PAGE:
The Eisenhower farewell continues to be misunderstood
Four days before turning the presidency over to John F. Kennedy, President Eisenhower delivered a speech that is remembered because of one line:
In his farewell address to the nation, President Dwight D. Eisenhower warns the American people to keep a careful eye on what he calls the "military-industrial complex" that has developed in the post-World War II years.
A fiscal conservative, Eisenhower had been concerned about the growing size and cost of the American defense establishment since he became president in 1953.
In his last presidential address to the American people, he expressed those concerns in terms that frankly shocked some of his listeners.
Eisenhower began by describing the changing nature of the American defense establishment since World War II.
No longer could the U.S. afford the "emergency improvisation" that characterized its preparations for war against Germany and Japan. Instead, the United States was "compelled to create a permanent armaments industry" and a huge military force.
He admitted that the Cold War made clear the "imperative need for this development," but he was gravely concerned about "the acquisition of unwarranted influence... by the military-industrial complex."
In particular, he asked the American people to guard against the "danger that public policy could itself become the captive of a scientific-technological elite.
First, the speech is worth reading. It shows how thoughtful and serious our 34th president was. He was a pre-television man and used the word rather than the image to make his point.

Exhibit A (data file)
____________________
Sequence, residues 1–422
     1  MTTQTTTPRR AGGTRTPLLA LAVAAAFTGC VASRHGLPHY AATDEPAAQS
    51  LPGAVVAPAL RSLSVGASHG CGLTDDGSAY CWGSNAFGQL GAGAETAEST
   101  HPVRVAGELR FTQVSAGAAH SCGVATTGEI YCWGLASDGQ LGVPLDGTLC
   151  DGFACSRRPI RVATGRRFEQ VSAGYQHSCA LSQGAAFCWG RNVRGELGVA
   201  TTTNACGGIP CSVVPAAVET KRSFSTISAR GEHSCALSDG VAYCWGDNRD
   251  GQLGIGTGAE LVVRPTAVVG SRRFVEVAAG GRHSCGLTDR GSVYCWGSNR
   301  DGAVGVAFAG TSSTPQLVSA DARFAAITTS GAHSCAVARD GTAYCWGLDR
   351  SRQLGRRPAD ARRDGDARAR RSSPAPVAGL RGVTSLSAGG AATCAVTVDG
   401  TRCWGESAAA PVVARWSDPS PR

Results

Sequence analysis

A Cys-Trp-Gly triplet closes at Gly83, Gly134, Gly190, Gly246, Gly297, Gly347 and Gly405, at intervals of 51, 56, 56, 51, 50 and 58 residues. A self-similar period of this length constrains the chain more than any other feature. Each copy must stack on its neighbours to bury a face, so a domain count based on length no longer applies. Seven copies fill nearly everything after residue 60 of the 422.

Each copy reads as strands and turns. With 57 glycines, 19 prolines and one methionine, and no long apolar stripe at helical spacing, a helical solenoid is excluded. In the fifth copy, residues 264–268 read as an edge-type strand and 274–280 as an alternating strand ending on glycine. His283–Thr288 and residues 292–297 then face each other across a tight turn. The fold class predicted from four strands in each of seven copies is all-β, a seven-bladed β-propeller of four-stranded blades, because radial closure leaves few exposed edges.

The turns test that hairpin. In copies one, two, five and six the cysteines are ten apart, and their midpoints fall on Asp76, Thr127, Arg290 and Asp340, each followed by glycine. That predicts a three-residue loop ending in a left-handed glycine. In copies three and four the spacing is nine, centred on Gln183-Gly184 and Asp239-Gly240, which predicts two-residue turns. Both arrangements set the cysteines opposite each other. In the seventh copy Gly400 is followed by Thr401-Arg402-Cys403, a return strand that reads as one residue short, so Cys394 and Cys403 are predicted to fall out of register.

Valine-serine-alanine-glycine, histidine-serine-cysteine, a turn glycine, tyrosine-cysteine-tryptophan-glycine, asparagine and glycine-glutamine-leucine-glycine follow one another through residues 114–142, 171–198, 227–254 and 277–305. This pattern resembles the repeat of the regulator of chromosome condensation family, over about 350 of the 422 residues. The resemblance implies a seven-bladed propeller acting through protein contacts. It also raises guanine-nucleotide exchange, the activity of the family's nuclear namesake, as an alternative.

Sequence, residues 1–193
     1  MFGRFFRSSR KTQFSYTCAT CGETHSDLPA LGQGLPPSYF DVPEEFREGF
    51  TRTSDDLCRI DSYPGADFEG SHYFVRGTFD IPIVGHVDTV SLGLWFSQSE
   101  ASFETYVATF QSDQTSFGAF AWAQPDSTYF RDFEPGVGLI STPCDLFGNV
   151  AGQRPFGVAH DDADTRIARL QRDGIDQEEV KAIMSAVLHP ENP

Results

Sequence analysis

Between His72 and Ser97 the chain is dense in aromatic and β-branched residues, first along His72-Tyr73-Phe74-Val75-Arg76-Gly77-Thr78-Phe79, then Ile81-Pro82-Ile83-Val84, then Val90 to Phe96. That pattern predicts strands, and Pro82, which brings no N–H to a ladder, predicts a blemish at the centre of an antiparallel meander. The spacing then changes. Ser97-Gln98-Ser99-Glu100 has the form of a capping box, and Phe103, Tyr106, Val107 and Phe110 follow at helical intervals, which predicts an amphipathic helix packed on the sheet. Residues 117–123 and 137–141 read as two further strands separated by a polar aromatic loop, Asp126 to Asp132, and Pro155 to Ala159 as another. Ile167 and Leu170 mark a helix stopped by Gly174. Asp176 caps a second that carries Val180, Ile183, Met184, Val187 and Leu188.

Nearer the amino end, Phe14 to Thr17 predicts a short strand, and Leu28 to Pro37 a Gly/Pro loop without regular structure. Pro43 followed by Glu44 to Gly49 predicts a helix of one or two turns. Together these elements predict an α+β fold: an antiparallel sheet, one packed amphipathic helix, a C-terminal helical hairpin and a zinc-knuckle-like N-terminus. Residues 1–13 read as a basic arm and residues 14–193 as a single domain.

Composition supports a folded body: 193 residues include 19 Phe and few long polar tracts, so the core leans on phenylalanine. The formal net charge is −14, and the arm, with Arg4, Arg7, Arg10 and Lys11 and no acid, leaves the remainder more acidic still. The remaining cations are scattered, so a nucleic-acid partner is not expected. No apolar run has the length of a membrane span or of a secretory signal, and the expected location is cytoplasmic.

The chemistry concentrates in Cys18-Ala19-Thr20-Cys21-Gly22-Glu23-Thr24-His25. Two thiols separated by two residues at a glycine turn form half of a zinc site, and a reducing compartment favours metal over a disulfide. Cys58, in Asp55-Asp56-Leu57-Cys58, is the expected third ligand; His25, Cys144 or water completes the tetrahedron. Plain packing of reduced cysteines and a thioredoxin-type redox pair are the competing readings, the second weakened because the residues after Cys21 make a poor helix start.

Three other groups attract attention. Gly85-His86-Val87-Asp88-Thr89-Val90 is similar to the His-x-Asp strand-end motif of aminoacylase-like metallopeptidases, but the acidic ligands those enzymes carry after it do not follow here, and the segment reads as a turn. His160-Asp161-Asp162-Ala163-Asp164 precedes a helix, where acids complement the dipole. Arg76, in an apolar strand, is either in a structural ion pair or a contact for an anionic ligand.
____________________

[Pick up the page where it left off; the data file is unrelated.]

Second, President Eisenhower was concerned about corruption, or the close relationship between the defense industry and members of Congress.
Last, but not least, it was not the anti-military speech that so many in the left make it out to be, as David Greenberg pointed out:
Eisenhower's fears about standing military power never outweighed his conviction that it was necessary.
As Ledbetter writes, Ike was, "by any definition, a leading figure in that complex."
He loved the Army and devoted his life to it.
Within the Republican Party, his great accomplishment was to drag the rank and file into the age of internationalism with his triumph over Robert Taft for the 1952 presidential nomination, which isolated the isolationists in the GOP."
Overall, a good speech that should be read for what it said – i.e., spend wisely and watch for corruption.
It would be wise for a president today to deliver a speech but warn us about "the public-sector unions" and their influence on our politics. The corrupt relationship between public-sector unions and elected leaders is more dangerous than the military industrial complex ever was, is, or will be.